…which in a way in a social commentary itself, but one that for the sake of the current human population I do not want to analyze.

Where have all the great artists like The Beatles gone? It is not as though there are no politically charged debates occurring in current events. Maybe it stems from the ever increasing purposeful ignorance of these problems. People don’t want to hear about problems anymore, they want to listen to fake and overdramatized relationships and love stories.

But as much as I complain, I can’t deny having hundreds of these meaningless songs on my playlists. Well I guess The Beatles were right.

You say you want a revolution,
Well you know,
We all want to change the world.

 

Catfishing

A word that up until 2010 did not exist as a verb.

Catfishing /ˈkatˌfiSH ing/
verb.
The phenomenon of internet predators that fabricate online identities and entire social circles to trick people into emotional/romantic relationships (over a long period of time).
Possible motivations: revenge, loneliness, curiosity, boredom
The term catfishing was inspired by the 2010 documentary “Catfish.”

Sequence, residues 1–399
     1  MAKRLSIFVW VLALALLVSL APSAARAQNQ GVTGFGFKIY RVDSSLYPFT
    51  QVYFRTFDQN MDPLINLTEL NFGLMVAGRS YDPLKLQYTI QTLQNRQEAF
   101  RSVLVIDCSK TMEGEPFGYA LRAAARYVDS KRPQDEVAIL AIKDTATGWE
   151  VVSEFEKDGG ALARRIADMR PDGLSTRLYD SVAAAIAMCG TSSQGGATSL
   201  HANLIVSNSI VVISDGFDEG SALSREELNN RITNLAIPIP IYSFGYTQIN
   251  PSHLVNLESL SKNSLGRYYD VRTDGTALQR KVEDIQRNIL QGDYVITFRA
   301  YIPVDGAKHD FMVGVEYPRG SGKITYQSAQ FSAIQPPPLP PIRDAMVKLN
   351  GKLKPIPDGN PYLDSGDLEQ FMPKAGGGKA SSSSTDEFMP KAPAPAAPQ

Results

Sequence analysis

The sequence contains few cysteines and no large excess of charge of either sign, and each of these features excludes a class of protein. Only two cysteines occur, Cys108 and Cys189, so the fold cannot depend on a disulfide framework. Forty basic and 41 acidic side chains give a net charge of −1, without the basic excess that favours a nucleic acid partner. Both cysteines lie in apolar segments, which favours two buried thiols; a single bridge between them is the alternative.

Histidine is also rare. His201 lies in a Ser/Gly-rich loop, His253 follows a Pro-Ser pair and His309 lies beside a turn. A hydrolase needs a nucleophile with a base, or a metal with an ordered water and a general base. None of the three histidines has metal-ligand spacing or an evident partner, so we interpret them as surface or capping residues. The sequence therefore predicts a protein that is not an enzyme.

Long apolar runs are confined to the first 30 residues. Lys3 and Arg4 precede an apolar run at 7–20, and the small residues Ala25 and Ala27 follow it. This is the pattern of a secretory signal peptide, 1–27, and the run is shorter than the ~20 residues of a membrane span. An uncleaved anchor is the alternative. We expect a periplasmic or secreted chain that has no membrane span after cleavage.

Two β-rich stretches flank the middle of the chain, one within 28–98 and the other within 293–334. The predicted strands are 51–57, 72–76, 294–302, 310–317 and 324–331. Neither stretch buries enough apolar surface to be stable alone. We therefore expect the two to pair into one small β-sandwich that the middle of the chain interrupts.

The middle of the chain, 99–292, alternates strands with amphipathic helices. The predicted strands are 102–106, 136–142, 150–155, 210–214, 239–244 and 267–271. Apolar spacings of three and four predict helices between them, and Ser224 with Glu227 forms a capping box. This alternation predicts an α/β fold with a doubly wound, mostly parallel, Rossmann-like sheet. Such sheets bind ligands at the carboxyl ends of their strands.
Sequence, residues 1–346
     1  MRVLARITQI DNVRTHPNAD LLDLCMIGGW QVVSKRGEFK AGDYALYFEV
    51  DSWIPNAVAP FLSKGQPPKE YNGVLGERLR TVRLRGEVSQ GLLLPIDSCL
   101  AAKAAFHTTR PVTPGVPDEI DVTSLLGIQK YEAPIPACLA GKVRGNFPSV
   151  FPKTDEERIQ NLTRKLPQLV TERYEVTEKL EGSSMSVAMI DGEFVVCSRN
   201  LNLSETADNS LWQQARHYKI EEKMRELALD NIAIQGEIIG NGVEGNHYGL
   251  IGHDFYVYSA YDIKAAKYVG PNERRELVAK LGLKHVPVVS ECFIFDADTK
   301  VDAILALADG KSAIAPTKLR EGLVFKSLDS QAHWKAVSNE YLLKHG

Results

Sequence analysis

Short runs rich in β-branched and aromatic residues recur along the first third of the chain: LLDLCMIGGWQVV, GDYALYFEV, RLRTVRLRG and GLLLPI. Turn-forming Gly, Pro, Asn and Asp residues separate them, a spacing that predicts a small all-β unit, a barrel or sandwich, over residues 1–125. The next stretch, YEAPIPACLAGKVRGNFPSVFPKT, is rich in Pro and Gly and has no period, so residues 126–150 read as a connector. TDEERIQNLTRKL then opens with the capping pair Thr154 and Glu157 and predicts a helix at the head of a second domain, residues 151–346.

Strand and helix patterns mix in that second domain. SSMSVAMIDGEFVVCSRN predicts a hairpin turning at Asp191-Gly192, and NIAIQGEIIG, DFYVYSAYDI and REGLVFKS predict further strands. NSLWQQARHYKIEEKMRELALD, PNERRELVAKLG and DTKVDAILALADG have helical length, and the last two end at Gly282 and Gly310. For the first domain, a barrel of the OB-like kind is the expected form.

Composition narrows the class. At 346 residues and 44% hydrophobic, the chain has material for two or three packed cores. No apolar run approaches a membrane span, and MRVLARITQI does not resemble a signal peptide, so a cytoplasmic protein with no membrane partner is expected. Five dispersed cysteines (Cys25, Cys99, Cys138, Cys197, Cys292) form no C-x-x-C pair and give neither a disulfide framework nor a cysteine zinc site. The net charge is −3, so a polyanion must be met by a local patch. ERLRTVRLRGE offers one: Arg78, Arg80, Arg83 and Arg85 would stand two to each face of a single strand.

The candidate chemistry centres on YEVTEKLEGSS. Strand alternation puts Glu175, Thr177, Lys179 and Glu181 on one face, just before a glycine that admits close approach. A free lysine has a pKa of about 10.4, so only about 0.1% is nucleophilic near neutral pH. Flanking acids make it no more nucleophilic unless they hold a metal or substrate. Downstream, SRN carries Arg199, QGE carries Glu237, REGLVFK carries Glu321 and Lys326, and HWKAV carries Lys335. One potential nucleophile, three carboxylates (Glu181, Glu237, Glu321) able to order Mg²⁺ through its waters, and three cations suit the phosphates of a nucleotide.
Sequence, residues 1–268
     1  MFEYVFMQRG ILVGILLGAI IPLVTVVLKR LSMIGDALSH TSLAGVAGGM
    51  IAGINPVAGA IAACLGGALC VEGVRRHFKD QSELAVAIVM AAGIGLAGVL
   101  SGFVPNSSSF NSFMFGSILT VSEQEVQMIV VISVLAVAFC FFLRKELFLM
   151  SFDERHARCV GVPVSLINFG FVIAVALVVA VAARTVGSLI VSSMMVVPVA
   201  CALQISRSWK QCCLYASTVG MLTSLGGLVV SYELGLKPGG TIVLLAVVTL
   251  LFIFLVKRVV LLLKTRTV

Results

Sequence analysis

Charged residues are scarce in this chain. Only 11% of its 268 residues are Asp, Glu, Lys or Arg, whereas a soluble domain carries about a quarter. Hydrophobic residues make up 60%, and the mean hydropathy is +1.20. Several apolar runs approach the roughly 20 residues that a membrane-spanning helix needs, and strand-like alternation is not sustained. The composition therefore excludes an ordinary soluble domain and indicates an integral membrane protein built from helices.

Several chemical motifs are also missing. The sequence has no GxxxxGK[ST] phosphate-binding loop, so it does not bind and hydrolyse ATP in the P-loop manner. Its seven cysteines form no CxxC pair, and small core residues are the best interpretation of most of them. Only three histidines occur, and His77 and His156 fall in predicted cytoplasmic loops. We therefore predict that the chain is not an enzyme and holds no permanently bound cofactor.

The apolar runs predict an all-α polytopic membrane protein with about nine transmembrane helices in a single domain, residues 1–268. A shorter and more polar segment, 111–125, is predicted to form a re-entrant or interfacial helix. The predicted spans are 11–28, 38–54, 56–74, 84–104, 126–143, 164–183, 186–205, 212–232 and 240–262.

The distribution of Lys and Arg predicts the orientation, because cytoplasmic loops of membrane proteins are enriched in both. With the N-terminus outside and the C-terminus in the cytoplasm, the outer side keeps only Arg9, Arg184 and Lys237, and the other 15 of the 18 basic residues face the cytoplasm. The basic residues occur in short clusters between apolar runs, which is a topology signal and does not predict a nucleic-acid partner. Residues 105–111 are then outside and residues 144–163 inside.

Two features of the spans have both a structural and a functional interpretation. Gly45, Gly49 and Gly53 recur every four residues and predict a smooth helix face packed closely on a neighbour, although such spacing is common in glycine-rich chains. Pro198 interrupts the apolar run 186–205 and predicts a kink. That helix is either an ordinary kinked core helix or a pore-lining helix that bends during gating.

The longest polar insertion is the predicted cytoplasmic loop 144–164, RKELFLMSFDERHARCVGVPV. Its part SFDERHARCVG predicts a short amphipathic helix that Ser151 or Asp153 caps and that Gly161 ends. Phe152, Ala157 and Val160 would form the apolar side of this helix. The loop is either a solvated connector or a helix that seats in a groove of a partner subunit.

Who are you? Who do you want to be? Who do you wish you were? The internet provides a limitless world where you can be who you want to be, act how you would like, and live a different life. The allure of creating a new identity is too magnetic for many people. Catfishing is slowly rocking the inter web. With arenas like Facebook, Twitter, and Myspace, that are essentially playgrounds for the socially deprived and blissfully imaginative. These breeding grounds for the socially constructed prompt the Catfishers to make false identities to entreat online relationships spanning from friends to love interests.

This is great news! It is winter after all, far to cold to go outside and interact with real people, and then before you know it, it will be summer and then it will be way to hot out. Plus, why risk getting caught in the rain which might ruin your hair. Your online pictures will always be perfectly photoshopped to your ideal specifications.

No need to worry about implications or consequences for your actions, the act of taking pictures or names of other people and using them as your own identity online is not actually illegal. When the person on the other end of your screen inevitably finds a way to hack into your bank account or finds out where you live so they can rob your house, however, then it becomes illegal. Oh well.

So next time your bored or feeling lonely, don’t worry! Just get online and make a fake profile for someone that people would actually like (no offense). In seconds you will have access to thousands of people, who may or may not be fake as well, and pretend you have a social life!
Happy Catfishing!